3. Notok

    Notok Registered Member

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    You might like to read up at http://www.webhelper4u.com/ - Webhelper does a lot of tracking on the transponder gang, the CoolWebSearch guys especially. The CoolWebSearch guys actually own a lot of the porn sites. I imagine the rest is done through advertising. I haven't done a whole lot of looking into it yet, but it seems to me that the porn sites get paid to show these advertisements, which unload all sorts of adware and spyware. CWS itself spreads some pretty nasty stuff, and they are responsible for a lot of the infections out there, and are affiliated with the others that spread the most as well.

    When it comes to this stuff, it's all about money.
     
  4. dcdc

    dcdc Registered Member

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    That's an interesting observation, that the site is just a front that masks the sole true intent of malware distribution.

    It sure does seem like a lot of work though, to set up, and pay for, a site just to spread your worms and viruses. I wonder if these sites can pull in enough money from popups or site subscribers to make them at least breakeven, or whether the instigators just don't care. There are a lot of strange people out there, and the downside of the internet is that it allows them to safely and easily reach out and annoy people with their nonsense.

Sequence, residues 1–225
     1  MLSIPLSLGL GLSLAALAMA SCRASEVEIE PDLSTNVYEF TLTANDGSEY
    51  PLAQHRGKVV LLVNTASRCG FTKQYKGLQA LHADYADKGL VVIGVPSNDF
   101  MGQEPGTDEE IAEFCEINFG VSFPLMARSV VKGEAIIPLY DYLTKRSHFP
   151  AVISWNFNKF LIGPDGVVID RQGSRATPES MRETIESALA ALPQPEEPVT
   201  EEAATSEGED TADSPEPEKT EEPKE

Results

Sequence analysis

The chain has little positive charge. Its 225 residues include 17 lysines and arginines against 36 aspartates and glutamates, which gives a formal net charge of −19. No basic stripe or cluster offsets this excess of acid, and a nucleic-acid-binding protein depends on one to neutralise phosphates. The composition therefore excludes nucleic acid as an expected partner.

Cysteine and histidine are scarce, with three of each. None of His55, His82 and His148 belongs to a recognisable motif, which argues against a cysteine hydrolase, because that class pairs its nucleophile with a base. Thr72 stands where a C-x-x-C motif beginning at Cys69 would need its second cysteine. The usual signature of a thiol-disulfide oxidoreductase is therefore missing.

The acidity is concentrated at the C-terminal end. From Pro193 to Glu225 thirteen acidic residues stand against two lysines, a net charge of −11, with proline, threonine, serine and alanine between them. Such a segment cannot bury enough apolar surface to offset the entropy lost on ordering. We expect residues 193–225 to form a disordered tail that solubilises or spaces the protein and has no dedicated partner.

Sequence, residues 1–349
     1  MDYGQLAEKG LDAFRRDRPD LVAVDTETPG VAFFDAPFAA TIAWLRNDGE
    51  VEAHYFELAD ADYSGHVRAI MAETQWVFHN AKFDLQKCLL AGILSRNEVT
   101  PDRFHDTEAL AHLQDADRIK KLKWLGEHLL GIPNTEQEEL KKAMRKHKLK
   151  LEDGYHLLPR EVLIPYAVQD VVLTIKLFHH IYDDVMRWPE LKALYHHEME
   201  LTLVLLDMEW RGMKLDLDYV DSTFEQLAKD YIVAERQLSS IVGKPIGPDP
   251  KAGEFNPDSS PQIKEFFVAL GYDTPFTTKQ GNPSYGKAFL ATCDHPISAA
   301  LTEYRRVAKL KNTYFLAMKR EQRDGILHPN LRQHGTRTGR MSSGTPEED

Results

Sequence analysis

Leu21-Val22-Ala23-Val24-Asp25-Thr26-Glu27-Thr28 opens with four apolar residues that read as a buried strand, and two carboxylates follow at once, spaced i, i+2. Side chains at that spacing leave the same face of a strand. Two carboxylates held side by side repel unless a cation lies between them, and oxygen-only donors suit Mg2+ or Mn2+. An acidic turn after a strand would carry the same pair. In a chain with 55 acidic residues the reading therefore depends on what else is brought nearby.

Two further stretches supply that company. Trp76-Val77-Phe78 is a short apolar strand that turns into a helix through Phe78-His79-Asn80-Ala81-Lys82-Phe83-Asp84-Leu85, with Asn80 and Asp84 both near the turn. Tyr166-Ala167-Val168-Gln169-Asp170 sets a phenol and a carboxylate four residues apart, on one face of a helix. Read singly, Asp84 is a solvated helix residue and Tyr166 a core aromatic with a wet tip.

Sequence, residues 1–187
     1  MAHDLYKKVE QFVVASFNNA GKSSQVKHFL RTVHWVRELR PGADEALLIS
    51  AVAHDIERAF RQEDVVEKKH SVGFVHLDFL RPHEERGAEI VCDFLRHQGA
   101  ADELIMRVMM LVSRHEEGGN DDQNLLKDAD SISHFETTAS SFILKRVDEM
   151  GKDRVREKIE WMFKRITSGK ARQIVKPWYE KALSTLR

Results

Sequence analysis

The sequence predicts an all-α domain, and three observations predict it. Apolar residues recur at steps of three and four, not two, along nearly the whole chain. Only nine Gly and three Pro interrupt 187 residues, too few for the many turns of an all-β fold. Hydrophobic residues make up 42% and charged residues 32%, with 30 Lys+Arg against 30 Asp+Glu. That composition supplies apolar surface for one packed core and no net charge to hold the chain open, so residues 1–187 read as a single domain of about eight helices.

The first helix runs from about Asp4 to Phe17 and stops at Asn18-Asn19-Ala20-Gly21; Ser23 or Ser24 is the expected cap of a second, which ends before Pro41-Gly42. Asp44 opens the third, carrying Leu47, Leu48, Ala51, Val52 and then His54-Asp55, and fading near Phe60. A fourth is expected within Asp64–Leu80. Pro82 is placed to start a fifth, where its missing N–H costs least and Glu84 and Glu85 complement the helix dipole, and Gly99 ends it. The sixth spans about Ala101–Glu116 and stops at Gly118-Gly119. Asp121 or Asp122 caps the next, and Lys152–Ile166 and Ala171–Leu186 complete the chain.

5. dcdc

    dcdc Registered Member

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    Thanks Notok for that interesting link and comments.
     
  6. houseisland

    houseisland Registered Member

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    If when you are fixing an infected system you examine the time and date stamps on files associated with the malware infection and then do a search of IE's cache, you will often find "interesting" things that roughly match the date/time stamps for the malware: files from porn sites (particularly off-the-mainstream-track porn); files from hacker sites; files from low-profile sleazoid gambling sites,; etc.